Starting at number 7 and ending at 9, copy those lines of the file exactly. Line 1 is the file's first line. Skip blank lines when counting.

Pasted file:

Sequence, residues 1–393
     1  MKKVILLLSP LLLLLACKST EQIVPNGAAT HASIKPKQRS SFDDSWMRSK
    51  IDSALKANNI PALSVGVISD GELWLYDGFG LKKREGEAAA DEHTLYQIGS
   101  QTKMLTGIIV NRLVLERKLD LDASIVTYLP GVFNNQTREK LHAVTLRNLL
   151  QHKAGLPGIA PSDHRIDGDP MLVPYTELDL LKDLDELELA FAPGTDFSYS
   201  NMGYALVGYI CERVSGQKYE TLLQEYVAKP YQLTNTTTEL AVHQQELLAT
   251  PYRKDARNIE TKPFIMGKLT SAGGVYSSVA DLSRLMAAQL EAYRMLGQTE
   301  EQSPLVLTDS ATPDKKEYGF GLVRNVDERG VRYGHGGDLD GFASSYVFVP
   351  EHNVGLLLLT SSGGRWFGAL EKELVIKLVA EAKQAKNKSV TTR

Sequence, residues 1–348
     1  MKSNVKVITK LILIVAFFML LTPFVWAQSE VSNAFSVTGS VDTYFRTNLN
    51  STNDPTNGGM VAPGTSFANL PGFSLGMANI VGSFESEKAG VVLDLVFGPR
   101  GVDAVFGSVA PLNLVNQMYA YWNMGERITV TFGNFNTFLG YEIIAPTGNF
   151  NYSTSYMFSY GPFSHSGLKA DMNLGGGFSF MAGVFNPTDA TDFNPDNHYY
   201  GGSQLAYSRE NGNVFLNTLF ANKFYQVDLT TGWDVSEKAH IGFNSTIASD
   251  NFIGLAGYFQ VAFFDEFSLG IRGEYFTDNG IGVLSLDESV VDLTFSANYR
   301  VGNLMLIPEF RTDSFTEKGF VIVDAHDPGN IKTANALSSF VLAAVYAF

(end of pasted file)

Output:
   251  PYRKDARNIE TKPFIMGKLT SAGGVYSSVA DLSRLMAAQL EAYRMLGQTE
   301  EQSPLVLTDS ATPDKKEYGF GLVRNVDERG VRYGHGGDLD GFASSYVFVP
   351  EHNVGLLLLT SSGGRWFGAL EKELVIKLVA EAKQAKNKSV TTR